Map F: Inns of Chancery, c. 1470
Click here to download a 1200 dpi of this map.
The final map shows the likely configuration of the Inns of Chancery as they existed when Fortescue describes them about 1470. Fortescue, who did not name the inns, said of the legal inns:
“In these greater inns, indeed, and also in the lesser, there is, besides an academy of law, a kind of public school of all the manners that the nobles learn. There they learn to sing and to exercise themselves in every kind of harmonics. They are also taught there to practise dancing and all games proper for nobles, as those brought up in the king’s household are accustomed to practise. In the vacations most of them apply themselves to the study of legal science, and on holy days to the study of holy scripture and, after the divine services, to the reading of chronicles. This is indeed a cultivation of virtues and a banishment of all vice. So for the sake of the acquisition of virtue and the discouragement of vice, knights, barons, and also other magnates, and the nobles of the realm place their sons in these inns, although they do not desire them to be trained in the science of the laws, nor to live by its practice, but only by their patrimonies. Scarcely any turbulence, quarrels, or disturbance ever occur there, but offenders are punished with no other punishment than expulsion from participation in their mutual society, which is a penalty they fear more than criminals elsewhere fear imprisonment and fetters. For a man once expelled from one of these societies is never received into the fellowship of any other of those societies. Hence there is continual peace and their conduct is like the behaviour of such as are conjoined in perfect amity” [John Fortescue, “In Praise of the Laws of England,” in Shelley Lockwood, ed. Sir John Fortescue: On the Laws and Governance of England (Cambridge, 1997, 69)].
This description is more suitable for a recruiting flyer than as history. While there was undoubted important legal learning underway, anyone familiar with the behavior of young males in a collegiate setting will be immediately skeptical. The numerous records of riots, drunken brawls, and even murder speak for themselves. Shakespeare’s Justice Shallow speaks of the wild times at Clement’s Inn in his youth where “they will talk of mad Shallow yet,” and the great Falstaff himself agrees nostalgically that “We have heard the chimes at midnight, Master Shallow” (2 Henry IV, 3.2). (If Falstaff and Shallow are about 60 years old in c. 1413, Clement’s Inn would have not existed in their youth, but no matter.) As Fortescue notes, most of the young members of the inns were there not to become lawyers but, at most, to acquire enough legal knowledge to manage their estates and properties. This was a shrewd decision. At the Inns of Chancery they made nation-wide connections that would be helpful for life. During the fifteenth century lawyers were for the first time styled “gentlemen” in official documents, a good start. Fortescue was misleading, however, when claiming that “nobles of the realm” sent their young there, for they did not in his lifetime. But plenty of gentry and rich merchants who wished their sons to learn the manners “of court” and rise socially did. Some sons even became lawyers. Some became great men indeed – Thomas More, Edward Coke, John Selden, and many others got good starts foundations for life at the Inns of Chancery.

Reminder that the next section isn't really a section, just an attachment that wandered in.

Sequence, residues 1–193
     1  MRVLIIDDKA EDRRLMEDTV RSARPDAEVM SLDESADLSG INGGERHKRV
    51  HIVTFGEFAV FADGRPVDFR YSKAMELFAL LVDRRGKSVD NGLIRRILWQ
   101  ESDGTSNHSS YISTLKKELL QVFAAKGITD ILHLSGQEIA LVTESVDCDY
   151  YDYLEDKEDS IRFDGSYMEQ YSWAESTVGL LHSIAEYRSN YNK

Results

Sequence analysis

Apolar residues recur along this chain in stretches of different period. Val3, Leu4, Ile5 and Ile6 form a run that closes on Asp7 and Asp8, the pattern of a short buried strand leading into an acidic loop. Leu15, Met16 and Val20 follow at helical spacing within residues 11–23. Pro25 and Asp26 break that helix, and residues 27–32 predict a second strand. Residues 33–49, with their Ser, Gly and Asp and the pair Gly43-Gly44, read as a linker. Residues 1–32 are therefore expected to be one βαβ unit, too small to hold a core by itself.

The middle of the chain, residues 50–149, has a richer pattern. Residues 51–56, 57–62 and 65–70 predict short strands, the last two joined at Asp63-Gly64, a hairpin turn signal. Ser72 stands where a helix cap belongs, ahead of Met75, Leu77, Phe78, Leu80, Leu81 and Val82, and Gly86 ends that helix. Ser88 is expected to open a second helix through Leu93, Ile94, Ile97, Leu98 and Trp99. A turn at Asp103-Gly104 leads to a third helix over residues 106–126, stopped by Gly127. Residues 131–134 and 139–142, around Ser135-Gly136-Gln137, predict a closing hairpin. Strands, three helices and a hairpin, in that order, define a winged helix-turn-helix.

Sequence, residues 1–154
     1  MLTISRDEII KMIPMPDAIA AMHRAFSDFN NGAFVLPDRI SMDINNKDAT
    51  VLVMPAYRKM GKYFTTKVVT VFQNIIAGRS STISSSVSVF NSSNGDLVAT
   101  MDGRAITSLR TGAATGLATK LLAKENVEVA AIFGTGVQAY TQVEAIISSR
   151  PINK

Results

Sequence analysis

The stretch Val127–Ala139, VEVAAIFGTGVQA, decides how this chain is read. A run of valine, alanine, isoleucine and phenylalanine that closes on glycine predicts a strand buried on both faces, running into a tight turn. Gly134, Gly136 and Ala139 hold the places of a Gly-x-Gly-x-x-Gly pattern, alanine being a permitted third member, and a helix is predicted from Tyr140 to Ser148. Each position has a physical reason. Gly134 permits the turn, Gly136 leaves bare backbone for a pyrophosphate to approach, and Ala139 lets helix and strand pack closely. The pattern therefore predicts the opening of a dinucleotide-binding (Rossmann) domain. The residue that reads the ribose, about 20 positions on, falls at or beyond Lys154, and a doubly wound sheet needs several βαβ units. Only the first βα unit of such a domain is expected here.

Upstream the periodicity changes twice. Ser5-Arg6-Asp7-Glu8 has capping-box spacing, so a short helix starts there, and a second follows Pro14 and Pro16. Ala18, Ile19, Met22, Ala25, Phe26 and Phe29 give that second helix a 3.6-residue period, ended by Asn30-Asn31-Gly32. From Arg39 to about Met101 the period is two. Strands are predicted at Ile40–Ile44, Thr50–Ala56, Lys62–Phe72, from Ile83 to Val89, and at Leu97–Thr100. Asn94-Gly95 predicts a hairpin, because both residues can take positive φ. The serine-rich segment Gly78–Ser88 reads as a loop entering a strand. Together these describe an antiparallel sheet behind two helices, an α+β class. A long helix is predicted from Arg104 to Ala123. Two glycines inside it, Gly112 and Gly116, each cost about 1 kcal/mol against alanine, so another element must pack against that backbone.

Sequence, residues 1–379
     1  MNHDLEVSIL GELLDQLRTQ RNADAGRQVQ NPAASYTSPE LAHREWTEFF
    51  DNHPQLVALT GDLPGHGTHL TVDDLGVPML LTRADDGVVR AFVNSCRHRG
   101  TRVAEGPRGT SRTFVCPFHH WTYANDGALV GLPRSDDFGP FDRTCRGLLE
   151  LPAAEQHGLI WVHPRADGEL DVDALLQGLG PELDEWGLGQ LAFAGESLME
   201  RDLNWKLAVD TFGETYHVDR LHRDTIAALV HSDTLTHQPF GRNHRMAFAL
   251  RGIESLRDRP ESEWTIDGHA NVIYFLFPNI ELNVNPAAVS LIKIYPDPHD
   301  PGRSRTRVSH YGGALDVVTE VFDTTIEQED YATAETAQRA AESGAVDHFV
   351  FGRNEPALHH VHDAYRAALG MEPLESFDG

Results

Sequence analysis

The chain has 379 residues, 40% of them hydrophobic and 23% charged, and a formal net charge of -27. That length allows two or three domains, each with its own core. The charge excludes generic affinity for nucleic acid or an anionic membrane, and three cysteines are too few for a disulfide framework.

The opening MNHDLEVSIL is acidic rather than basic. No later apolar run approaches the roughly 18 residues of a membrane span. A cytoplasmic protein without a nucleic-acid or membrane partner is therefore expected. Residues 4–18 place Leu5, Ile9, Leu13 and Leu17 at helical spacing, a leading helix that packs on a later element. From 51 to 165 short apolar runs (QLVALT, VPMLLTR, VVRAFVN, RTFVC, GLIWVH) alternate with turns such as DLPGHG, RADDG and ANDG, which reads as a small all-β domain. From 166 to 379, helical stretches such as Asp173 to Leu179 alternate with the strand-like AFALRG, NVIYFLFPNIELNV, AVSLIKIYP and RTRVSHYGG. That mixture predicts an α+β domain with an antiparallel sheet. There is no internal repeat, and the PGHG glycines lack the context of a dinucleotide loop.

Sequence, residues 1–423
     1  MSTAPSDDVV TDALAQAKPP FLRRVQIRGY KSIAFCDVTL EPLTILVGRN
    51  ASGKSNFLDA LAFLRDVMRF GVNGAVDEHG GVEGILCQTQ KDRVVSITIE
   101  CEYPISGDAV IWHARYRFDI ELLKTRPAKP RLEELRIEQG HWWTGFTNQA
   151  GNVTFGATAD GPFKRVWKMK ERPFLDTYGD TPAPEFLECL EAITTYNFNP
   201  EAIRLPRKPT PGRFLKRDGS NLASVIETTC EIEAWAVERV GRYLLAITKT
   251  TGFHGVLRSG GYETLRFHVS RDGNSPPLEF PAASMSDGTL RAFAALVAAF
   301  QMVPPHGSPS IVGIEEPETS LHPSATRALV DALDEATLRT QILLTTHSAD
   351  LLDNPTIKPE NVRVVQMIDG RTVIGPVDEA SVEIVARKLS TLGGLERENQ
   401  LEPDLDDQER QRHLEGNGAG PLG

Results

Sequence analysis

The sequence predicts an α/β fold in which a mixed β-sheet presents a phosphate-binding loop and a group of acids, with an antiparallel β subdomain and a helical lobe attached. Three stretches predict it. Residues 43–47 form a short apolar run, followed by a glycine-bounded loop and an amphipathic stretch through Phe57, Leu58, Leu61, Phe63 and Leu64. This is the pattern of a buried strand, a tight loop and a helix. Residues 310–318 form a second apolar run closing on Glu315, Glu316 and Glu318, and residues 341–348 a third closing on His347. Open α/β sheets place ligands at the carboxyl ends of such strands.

Of the Inns of Chancery after Fortescue’s time, the Outer (or Utter) Temple left almost no traces and had disappeared before the Reformation, while Strand Inn was demolished about 1549 to make room for the original Somerset House. St. George’s/The Long Entry did not make the transition into an historical Inn of Chancery, but seems to have housed lawyers into Fortescue’s time. The other inns survived and enjoyed their greatest moments of prestige and influence in the sixteenth and the first half the seventeenth centuries.
After the Restoration the Inns of Chancery began a slow and undignified decay into gentlemen’s clubs, with the numbers of members of the legal profession slowly declining. Charles Dickens for example, lodged at Furnival’s Inn for a while. Some of their buildings were victims of the late-Victorian and earlier twentieth-century real estate boom and zest for civic improvements that destroyed most of what was left of early London. By this time the medieval buildings had been rebuilt anyway. The inn properties were demolished, although most live on feebly as titles for office buildings today, some occupied by lawyers.
The Inns of Court and the Inns of Chancery brought some of the best minds in England to London, while London’s medieval population was enriched and made more varied and lively by members of the inns. Their members, in turn, were enriched by the experience of London itself. Visits to London by provincial lawyers during law terms and the maintenance of “branch offices” in town helped bind the upper-middle classes together socially and intellectually. The maps included in this section show that it was in the fourteenth century that the legal profession moved into a permanent part of the physical landscape and social fabric of London.
- General Introduction
- Table of the Inns of Chancery
- Map A: All Legal Inns, 1292-1350
- Map B: Minor Legal Inns, 1350-1425
- Map C: All Legal Inns, 1292-1500
- Map D. Chancery Clerks’ Holdings 1350-1425
- Map E. Chancery Clerks’ New Inns 1425-1500
- Map F: Inns of Chancery, c. 1470
- Other Maps of the Legal Inns
- Chancery Clerks